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MATIRA MANISHA is an outstanding novel by Kalindicharan Panighrahi. Published in 1930, when the whole of India was swept over by rebellion against the British, its appearance was at once a great literary, social and political event. The story is about a humble and traditional peasant family who lived in the village Padhanapara on the bank of the river Birupa in the district of Cuttack. Shyam Padhan’s small family consisted of his wife, his two sons, Biraju and Chakkadi, and their wives. Shyam Padhan was a simple, God-fearing man, esteemed by all in the village for his uprightness and tolerance. The novel emphasizes this aspect of Shyam Padhan’s character and when he dies he tells his grandchildren that he is leaving behind to them as legacy, not wealth but his faith in God and his righteousness.
Baraju had four children but Chakkadi was childless. Baraju had all the virtues of his father and he succeeded to his father’s place as the most respected man in the village. This small village had such God-fearing men as Baraju but also the wicked people like Hari Misra, the village tout. Hari Misra was a malicious man who envied Baraju and resolved to destroy him. Baraju had married off his first daughter and was now preparing for the marriage of the second daughter. Chakkadi opened a shop and Misra helped him with funds. His wife, Natramani, hated her sister-in-law. Hari Misra decided to use her as a tool. Natramani, instigated by Hari Misra tried to persuade her husband to ask his brother for the separation of the hearth and the division of the property. Chakkadi, who loved his brother and his brother’s children would not listen to her. But Natramani persisted. Chakkadi suffered intense mental agony.
Meanwhile, Baraju’s wife would not take things lying down. She would counter the insinuations of her sister-in-law with equally sharp words. Baraju tried to persuade his wife to be more tolerant but failed. He then gave up taking food. This affected a change in his wife who realized that to remain passive like her husband was the best course.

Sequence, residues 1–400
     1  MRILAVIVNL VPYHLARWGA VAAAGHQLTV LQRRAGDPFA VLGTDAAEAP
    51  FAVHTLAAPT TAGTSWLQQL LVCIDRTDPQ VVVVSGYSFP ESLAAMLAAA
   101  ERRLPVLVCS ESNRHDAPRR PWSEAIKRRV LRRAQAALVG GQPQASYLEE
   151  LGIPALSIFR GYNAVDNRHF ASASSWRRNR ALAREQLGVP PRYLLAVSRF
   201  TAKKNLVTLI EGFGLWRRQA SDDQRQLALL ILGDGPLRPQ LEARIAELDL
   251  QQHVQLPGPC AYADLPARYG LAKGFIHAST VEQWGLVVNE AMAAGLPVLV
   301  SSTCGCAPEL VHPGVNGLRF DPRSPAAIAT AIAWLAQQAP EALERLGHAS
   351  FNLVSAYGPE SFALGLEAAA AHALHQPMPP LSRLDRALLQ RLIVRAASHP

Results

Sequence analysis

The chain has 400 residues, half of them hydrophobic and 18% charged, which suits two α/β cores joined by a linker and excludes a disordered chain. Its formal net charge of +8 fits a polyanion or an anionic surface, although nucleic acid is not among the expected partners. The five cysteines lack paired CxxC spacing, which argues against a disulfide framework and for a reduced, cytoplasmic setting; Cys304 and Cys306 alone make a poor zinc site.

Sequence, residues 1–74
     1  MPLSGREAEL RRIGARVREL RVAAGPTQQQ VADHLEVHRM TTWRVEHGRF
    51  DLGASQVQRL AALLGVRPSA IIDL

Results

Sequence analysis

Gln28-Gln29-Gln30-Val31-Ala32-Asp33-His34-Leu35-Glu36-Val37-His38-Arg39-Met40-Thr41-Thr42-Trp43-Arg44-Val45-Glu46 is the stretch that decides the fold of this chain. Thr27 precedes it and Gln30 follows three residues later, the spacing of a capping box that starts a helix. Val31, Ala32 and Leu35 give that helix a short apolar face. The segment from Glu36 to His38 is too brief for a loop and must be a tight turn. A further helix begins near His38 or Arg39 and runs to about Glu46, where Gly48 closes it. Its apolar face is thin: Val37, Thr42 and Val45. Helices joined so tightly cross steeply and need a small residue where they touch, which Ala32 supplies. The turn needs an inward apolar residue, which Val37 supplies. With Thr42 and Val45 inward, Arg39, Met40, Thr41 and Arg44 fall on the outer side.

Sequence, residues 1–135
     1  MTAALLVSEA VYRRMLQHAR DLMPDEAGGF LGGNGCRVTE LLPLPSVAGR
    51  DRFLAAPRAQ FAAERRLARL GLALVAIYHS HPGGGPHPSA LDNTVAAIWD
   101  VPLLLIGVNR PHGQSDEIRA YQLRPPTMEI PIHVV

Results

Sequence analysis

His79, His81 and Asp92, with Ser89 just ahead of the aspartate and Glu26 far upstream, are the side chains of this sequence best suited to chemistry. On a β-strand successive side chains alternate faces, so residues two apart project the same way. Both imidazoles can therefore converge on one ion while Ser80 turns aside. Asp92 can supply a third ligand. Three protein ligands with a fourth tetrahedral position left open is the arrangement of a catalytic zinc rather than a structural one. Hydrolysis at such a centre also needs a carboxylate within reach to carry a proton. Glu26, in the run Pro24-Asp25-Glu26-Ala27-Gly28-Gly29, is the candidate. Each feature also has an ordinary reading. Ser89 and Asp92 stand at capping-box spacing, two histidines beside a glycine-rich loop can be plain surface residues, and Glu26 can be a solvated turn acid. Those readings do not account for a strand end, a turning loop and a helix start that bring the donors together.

Things came to a head when at the time of the harvest, urged on by his wife and Hari Misra, Chakkadi instructed the servant to divide up the molasses into two halves for the two brothers. When Baraju came to know of it, he instructed the servant not to divide the molasses but to take it all to Chakkadi. He then called his brother and said, “There is no need to partition the house. Everything is yours. I claim nothing. I will leave the house with my children and I will not take anything with me.” It was an extremely hard decision but Baraju was firm in his resolve. He left the house.
Chakkadi, who had at heart always loved and respected his brother, was tom in agony. Finally, unable to bear the, suffering, he set out in search of his brother. He found him in a friend’s house. “Boy, why have you come and where are you going to?” asked Baraju. In tears Chakkadi said, “I am going wherever you are going to.”
This is a poignant tale of the rural folks. The last part of the story is influenced by Gandhi’s principle of satyagraha and passive resistance. The novelist handles his p1ot with great skill and his portrayal of characters testifies to his deep understanding of human situation and his Profound sympathy. The language is colloquial and intimately rural.
|Matira Manisha(ମାଟିର ମଣିଷ)
|No of Pages
|Packaging approx in cm – 15x22x1
|Gopal Charan Kanunugo
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